I can see however that multicast delegates makes this a complex scenario. –  leppie Nov 10 '11 at 10:35
Console.WriteLine(wrapped2.GetInvocationList().Length); prints 1. The spec is violated (or just incorrectly specified). –  leppie Nov 10 '11 at 10:38
@leppie: It depends on whether you view "the invocation list" as simply "the methods which end up being invoked when the delegate is invoked" or the implementation details (with GetInvocationList etc). I think if you rely on just what's in the spec, the compiler behaviour is consistent. –  Jon Skeet Nov 10 '11 at 10:38
It would have been clearer if it stated: 'The new delegate instance simply calls Invoke on the delegate given as E'. –  leppie Nov 10 '11 at 10:40
  • delegate is a class
  • Action delegate has a constructor like so

    public extern Action(object @object, IntPtr method);

  • Since K is a static method there is no need to pass object to inner most action instance as first argument and hence it passes null

  • Since second argument is pointer to function therefore it passes pointer of K method using ldftn function
  • for the remaining Action instances the object is passed is inner Action and the second parameter is the Invoke method since when you call a delegate you're actually calling the Invoke method


var action = new Action(K) => Action action = new Action(null, ldftn(K))
new Action(action) => new Action(action, ldftn(Action.Invoke))

I hope this explains what is happening?

share|improve this answer
The question I ask is exactly what you say in your last point. I know what is happening, but why? –  leppie Nov 10 '11 at 10:12
@leppie check updated answer –  Hasan Khan Nov 10 '11 at 10:18
If you read my question again, you will notice everything you say is already there. I understand what is happening. I want to know what the justification (or the why) for this. –  leppie Nov 10 '11 at 10:19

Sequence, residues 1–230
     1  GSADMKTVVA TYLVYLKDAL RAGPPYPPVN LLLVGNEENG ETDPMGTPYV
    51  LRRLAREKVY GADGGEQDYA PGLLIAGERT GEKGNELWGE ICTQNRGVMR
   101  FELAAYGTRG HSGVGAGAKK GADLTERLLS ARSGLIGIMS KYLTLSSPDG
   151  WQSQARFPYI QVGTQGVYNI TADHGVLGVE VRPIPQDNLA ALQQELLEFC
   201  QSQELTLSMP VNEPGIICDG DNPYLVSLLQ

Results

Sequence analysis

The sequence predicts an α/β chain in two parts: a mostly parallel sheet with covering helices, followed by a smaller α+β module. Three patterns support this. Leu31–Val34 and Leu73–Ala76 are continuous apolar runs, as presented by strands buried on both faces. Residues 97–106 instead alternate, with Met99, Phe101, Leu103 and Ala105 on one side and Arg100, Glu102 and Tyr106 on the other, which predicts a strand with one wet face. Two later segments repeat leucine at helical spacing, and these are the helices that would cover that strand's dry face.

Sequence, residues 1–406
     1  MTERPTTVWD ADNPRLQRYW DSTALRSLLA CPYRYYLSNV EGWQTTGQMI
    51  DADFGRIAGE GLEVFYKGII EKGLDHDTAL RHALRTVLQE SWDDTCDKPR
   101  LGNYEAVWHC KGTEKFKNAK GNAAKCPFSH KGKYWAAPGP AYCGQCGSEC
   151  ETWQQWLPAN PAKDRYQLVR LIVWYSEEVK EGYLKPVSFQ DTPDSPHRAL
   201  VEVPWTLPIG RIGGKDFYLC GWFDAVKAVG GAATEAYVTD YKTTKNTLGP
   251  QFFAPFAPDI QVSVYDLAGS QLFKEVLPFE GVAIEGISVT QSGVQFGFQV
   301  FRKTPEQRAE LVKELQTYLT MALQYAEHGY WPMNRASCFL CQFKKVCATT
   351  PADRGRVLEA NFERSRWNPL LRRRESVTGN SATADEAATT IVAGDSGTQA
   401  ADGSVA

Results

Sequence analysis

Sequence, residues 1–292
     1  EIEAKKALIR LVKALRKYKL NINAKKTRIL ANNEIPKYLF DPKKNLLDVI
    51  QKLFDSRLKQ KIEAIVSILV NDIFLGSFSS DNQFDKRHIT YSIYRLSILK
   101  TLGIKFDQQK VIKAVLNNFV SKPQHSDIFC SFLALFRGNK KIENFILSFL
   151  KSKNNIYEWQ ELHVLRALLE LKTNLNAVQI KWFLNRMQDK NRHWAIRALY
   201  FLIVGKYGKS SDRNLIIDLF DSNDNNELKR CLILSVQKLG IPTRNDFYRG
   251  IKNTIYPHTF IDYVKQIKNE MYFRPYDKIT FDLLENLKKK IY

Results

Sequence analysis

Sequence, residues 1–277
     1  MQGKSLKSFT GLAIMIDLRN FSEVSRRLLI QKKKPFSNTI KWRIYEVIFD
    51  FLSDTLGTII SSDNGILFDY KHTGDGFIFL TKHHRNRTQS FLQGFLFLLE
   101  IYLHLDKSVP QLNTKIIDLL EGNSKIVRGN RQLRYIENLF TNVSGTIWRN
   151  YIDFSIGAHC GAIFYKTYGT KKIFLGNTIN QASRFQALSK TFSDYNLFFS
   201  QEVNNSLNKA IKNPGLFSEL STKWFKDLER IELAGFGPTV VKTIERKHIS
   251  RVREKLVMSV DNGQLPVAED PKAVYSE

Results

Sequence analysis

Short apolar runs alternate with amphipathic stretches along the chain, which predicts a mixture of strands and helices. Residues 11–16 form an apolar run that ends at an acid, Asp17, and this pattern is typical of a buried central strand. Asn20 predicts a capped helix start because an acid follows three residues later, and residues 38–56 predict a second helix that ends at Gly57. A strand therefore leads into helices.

@leppie how else should compiler transform your code? There is no such thing as new Action(blah) in MSIL. C# just provides you syntatic sugar. Its like asking why var i=3 is same as int i= 3 –  Hasan Khan Nov 10 '11 at 10:22

When you try to treat a delegate as a method, the compiler actually uses the delegate's Invoke() method. So, for example, the two lines below compile to the exact same IL (both call Invoke()):


I assume the oddity you're seeing is a consequence of this. The delegate constructor expects a method (or rather, a method group), but it gets a delegate instead. So it treats it as a method and uses the Invoke() method.

As for the meaning, it is delegate that calls delegate that calls the actual method. You can verify this yourself by accessing the delegate's Method and Target properties. In the case of the outer-most delegate, Method is Action.Invoke and Target the inner delegate.

share|improve this answer
I kinda follow, but this design makes delegates more of a second class citizen. Like in some context k is really k.Invoke, but in other cases k is just a delegate. –  leppie Nov 10 '11 at 10:28
I think that's because delegates are actually (almost) normal classes, as far as the CLR is concerned. To make them first-class citizen in C#, you have to resort to things like this. –  svick Nov 10 '11 at 10:47
Normal classes are first class citizens, providing some magic functionality makes them second class (well that specific functionality). –  leppie Nov 10 '11 at 10:51